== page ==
Greco-Mesopotamian constellation figures bear Latin names. Their brightest stars are designated with letters of the Greek alphabet, yet most of them bear proper names that derive from Arabic. Even so, many of these star names are Arabic descriptions of Greek constellation figures, not Arabian ones.
It’s fascinating, and at least part of the reason I’m posting this is to bookmark the article for later re-reading. I think it might be a useful thing for a science-fiction writer to know about.
Header image: Pleiades (or I guess ath-Thuraya), taken by me in 2015.
I saw this stairway on Twitter, and thought it looked, well, amazing. It made me nostalgic for the stairs in my childhood home, to wit:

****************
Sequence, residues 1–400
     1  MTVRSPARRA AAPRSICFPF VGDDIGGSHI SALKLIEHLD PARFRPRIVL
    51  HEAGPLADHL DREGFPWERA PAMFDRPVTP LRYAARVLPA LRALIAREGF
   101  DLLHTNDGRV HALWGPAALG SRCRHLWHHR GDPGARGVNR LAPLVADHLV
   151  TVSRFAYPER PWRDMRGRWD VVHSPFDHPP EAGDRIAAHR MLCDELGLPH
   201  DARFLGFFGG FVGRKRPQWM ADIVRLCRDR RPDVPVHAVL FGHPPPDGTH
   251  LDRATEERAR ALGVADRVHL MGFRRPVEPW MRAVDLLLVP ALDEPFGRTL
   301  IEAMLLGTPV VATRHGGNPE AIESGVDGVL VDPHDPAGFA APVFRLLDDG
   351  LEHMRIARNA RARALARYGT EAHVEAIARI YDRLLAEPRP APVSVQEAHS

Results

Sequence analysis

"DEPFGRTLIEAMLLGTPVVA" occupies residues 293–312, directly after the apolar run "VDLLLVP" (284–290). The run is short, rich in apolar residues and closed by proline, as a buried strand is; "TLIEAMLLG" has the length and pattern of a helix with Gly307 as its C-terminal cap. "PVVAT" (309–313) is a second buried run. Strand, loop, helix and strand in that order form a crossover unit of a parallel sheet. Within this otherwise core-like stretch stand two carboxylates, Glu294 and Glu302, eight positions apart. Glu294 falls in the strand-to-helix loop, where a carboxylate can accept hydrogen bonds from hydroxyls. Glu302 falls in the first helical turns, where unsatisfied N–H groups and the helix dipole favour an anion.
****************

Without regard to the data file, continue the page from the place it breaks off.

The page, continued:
Dad made the risers. They’re varnished wood, crazy slippery in sock feet, shaped like the end of a canoe paddle. The central column, if I recall correctly, was welded by a close family friend, Gilles.
When I left the house last night, it was mostly clear. I stopped and got a coffee, and by the time I made it to my destination— a gravel road a couple miles north of the Rapid City turn-off—the half-moon was still bright, but a thin haze of cloud had started to move in.